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Removing a Microsoft Office Update from Multiple Computers

This is one of those situations where something that seems like it ought to be very quick and simple is unfortunately not so quick and not so simple. The good news it’s also not *that* difficult, but there’s no question that it’s a pain and it takes a bit of effort.

It used to be the case that if you needed to remove a Microsoft Office Update such as KBXXXXXX that you could remove it just like you can remove any other Windows Update. In BatchPatch we have a couple of built-in options for executing the update removal process of a particular Windows Update that you can access under ‘Actions > Windows Updates > Uninstall individual update…‘ To use those menu items all you need is the KB number of the update that you want to remove.

Unfortunately for a while now the above-mentioned built-in commands for removing individual updates is only successful for standard Windows operating system updates. Microsoft Office updates, on the other hand, require a different removal command that unfortunately involves some manual digging.

The command line syntax options for removing a MSOffice update are as follows, but you have to substitute the correct Office GUID and Patch GUID values into your command, and this is what makes the process frustrating/tedious:

msiexec.exe /package {Office GUID} /uninstall {Patch GUID} /QN
msiexec.exe /package {Office GUID} /uninstall {Patch GUID} /QN REBOOT=REALLYSUPPRESS

This Microsoft Blog article explains the process for locating the correct GUIDs in the registry for the patch that you wish to uninstall.

After you find the appropriate GUIDs, you can form the actual command to use to remove the update. So, for example, the following command is an example of what your command will actually look like, as I have inserted actual GUID values, but as previously mentioned, you’ll need to find the GUIDs for the product and patch that you are removing.

c:\windows\system32\msiexec.exe /package {90140000-0012-0000-1000-0000000FF1CE} /uninstall {B23AAF3E-F931-4C72-8D96-7E58363A3D12} /qn

Once you have determined the proper syntax and have run it successfully on your test computer, you may insert it into a ‘Remote Command’ in BatchPatch. Highlight the desired target computer rows in the BatchPatch grid. Then select ‘Actions > Execute remote process/command > Create/modify remote command 1

Paste your command into the field, as illustrated in the screenshot above. Then either ‘Execute’ the command immediately or choose ‘Apply…’ to execute it later. Another option for executing at a later time/date is to hard-code the command into the BatchPatch menu by using ‘Actions > Execute remote process/command > Create/modify remote commands‘ In this case I have used ‘Apply…’ to apply the commands to each of the highlighted rows, which you can see in the screenshot below.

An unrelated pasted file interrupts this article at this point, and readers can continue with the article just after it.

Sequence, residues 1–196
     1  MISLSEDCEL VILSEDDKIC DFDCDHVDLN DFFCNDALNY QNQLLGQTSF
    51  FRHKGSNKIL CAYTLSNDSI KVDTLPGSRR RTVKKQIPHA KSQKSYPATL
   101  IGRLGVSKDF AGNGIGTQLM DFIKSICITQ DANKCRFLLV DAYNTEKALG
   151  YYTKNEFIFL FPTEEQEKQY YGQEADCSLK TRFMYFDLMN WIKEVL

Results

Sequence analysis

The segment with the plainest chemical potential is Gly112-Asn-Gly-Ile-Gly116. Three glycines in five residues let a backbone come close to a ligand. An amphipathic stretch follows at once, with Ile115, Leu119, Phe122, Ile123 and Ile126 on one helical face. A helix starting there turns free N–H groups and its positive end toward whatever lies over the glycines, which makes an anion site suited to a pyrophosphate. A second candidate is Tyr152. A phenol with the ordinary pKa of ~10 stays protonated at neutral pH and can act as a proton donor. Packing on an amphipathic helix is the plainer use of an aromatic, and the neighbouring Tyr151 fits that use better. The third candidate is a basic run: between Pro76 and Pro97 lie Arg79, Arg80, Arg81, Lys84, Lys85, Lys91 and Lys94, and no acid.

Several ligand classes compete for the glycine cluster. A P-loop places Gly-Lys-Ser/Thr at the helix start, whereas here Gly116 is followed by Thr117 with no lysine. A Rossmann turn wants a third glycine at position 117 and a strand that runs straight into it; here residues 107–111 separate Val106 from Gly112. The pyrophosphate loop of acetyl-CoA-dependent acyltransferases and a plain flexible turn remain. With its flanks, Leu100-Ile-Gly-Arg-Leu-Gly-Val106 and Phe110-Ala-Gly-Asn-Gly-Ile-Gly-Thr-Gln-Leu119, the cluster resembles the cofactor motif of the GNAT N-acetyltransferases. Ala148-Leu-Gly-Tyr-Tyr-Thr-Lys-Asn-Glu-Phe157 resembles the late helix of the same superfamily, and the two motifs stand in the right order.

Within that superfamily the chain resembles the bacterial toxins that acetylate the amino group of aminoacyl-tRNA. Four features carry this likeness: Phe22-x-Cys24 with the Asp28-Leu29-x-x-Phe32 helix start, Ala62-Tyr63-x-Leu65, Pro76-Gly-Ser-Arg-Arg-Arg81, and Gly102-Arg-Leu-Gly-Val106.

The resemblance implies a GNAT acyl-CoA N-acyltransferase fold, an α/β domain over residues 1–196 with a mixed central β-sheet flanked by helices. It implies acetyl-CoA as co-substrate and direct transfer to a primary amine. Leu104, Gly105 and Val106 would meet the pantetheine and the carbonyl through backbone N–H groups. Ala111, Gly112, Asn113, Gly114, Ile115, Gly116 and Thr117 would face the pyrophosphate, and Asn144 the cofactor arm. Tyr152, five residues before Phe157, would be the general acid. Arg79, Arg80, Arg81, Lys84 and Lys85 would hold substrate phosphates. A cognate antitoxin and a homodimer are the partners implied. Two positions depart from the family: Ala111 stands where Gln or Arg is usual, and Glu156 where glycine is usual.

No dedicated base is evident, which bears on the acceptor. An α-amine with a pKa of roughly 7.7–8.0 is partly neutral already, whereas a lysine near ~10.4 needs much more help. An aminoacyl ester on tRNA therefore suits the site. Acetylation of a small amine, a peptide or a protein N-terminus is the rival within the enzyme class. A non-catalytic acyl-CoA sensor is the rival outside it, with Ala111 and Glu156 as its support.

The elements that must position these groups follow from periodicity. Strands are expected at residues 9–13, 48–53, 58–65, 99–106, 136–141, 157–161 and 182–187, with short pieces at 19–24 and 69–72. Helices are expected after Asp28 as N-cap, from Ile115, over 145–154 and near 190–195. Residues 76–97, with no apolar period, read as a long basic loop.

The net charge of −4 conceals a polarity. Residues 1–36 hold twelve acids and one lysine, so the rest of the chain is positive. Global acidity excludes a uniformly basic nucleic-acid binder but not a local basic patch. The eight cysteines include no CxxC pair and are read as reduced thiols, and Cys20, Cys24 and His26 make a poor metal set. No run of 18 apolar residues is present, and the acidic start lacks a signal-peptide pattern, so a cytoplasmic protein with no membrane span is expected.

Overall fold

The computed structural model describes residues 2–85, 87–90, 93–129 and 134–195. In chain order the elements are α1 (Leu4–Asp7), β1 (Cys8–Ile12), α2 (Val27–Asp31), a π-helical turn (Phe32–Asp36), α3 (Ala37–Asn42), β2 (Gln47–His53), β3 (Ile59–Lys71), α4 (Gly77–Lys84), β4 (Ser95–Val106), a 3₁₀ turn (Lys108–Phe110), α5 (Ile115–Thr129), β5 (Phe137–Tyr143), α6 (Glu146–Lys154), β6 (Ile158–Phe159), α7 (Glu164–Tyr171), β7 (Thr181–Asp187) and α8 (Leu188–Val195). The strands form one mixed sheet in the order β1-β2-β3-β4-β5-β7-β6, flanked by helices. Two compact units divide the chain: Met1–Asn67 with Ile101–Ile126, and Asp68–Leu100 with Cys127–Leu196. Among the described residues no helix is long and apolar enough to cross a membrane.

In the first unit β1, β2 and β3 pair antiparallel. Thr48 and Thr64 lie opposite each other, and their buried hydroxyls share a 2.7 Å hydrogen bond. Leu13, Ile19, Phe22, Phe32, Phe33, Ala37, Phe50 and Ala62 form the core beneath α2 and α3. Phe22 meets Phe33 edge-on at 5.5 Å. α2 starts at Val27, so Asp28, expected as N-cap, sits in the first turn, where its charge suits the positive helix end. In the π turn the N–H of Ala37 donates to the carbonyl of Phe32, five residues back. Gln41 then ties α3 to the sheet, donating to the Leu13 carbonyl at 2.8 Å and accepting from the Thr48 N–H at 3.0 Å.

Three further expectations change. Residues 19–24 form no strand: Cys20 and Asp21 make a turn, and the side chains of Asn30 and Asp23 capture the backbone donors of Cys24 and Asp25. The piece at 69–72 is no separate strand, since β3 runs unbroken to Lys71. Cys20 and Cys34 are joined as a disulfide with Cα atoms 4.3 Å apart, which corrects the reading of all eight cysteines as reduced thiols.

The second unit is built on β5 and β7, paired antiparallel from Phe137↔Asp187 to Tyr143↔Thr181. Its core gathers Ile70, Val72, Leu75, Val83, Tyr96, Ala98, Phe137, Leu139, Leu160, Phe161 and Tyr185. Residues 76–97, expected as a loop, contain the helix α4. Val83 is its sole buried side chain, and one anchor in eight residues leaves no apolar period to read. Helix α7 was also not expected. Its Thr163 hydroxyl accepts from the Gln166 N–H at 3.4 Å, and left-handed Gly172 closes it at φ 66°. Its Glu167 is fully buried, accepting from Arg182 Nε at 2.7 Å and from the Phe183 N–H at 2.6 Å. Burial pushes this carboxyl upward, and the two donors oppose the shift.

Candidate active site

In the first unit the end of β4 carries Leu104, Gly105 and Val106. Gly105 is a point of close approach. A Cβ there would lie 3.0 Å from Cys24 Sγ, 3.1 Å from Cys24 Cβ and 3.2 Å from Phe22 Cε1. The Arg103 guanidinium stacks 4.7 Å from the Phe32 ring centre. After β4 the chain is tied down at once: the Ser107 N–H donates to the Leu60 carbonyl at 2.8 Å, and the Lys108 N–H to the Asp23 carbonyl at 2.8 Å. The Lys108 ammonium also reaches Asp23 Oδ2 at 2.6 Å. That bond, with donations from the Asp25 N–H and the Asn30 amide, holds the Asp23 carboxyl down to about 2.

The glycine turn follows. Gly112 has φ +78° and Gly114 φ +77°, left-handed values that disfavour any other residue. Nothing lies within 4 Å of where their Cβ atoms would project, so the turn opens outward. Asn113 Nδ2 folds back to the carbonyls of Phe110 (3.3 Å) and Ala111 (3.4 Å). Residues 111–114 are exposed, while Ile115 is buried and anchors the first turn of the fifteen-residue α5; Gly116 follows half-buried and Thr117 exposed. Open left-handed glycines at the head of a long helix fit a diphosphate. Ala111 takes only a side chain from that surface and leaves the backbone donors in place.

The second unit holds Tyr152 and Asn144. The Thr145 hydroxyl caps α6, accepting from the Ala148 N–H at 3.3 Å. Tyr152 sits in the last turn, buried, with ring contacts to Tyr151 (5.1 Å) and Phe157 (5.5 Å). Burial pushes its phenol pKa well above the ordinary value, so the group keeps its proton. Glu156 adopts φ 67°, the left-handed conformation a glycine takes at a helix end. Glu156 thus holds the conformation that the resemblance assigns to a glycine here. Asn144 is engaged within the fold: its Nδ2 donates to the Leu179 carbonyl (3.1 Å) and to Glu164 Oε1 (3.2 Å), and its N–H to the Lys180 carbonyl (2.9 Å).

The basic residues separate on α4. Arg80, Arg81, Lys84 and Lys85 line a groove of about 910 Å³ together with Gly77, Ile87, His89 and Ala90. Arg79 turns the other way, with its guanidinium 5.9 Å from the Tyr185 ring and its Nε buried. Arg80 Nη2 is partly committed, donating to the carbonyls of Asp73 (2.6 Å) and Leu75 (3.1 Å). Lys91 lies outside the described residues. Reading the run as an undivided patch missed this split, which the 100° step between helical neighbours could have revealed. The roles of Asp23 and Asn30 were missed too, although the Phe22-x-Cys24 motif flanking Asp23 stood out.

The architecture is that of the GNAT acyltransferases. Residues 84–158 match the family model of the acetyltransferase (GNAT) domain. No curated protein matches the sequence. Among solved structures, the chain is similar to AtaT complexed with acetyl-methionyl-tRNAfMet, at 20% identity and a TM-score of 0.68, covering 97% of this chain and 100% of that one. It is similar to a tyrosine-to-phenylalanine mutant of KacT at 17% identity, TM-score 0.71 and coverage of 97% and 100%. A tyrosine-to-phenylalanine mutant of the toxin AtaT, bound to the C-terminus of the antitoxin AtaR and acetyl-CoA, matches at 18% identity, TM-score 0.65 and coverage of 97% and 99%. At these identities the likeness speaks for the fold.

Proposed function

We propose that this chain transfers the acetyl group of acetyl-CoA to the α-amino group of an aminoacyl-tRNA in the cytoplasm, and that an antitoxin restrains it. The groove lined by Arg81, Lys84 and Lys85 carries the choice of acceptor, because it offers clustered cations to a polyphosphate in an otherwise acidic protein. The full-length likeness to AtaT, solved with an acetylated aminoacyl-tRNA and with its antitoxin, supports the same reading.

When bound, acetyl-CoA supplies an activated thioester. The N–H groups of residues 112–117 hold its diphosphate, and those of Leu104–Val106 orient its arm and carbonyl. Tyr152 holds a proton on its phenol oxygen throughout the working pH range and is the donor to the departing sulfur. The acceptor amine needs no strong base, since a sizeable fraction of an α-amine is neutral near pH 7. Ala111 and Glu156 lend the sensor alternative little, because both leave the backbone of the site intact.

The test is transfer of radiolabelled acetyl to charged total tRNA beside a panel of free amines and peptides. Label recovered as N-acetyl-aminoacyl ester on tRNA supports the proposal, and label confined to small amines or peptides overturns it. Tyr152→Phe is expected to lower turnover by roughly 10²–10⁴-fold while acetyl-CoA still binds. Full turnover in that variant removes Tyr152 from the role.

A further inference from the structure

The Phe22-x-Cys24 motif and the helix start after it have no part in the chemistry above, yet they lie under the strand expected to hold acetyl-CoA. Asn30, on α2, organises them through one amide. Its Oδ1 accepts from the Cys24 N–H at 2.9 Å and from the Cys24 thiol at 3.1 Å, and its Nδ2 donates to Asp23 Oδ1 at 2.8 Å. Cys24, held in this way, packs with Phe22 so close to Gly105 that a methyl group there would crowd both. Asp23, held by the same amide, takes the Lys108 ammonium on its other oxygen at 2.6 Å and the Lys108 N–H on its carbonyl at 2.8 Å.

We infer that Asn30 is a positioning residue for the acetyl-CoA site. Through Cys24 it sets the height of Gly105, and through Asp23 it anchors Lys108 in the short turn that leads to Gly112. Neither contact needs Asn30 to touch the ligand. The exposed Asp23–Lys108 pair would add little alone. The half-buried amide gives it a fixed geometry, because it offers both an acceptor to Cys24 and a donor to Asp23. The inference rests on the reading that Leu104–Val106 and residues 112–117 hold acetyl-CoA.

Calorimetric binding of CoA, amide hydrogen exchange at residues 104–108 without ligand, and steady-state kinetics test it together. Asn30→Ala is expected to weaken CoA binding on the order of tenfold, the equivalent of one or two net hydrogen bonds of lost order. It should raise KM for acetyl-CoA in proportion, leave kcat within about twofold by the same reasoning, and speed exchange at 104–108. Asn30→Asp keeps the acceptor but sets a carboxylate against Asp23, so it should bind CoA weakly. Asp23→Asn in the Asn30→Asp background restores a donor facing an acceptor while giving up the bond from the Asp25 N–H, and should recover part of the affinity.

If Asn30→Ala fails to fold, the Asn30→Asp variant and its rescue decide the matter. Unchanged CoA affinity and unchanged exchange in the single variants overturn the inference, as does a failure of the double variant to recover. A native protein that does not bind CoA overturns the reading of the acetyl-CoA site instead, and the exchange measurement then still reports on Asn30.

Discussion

Now I can execute the applied command for each/every row by just selecting the rows that I want to include, and then clicking ‘Actions > Execute remote process/command > Execute remote command 1

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Windows Server Patching Tools

We all know that keeping servers up to date is one of the most important aspects of keeping a secure environment. At one point or another every systems administrator is faced with the challenge of having to apply updates to numerous remote servers on a network. We have all been through the tedious process of manually connecting on an individual basis to each target computer, then applying updates or configuration changes, rebooting the computer, waiting 10 minutes, then checking to verify the computer did in fact reboot and that it did come back online after reboot. Multiply this process by a dozen or a hundred or even one thousand target computers, and all of a sudden the process becomes unwieldy, time-consuming, and downright stressful. The more computers that one is managing, the more quickly it becomes difficult to successfully keep track of the status of each target computer during such a process. Wouldn’t it be easier if we could just have a single console to manage all of the target computers, regardless of whether it’s 10, 20, 50, or 1000 machines?

BatchPatch was designed to make life easy for the systems administrators and engineers of the world. It enables the administrator to apply updates or make settings changes or to run scripts or applications remotely to numerous computers, simultaneously. No longer do you have to keep track of each machine individually with numerous remote desktop windows and ping windows etc. Instead you can just launch BatchPatch, add the desired target computers, select the desired action, and then just sit back and watch all target computers perform the specified action. You can install Windows Updates, deploy third party software or updates, deploy registry keys, run custom scripts, gather information for inventory or other purposes, etc. Or you can string together numerous actions into complete ‘job queues’ for single-click automation efforts.

In addition to the standard features mentioned above, BatchPatch also has unique sequencing functionality that enables the administrator to be able to create complex sequences of updates, reboots and deployments that involve numerous computers. Computers can be triggered by order in the sequence so that only certain machines are offline at any given time. The automation options are very cool, and they allow you to choreograph a “dance” of reboots and updates unlike anything you have seen before. With BatchPatch there is a surprising amount of functionality packaged into a very small executable. To read about all of the features that BatchPatch has to offer, please have a look at BatchPatch Home Page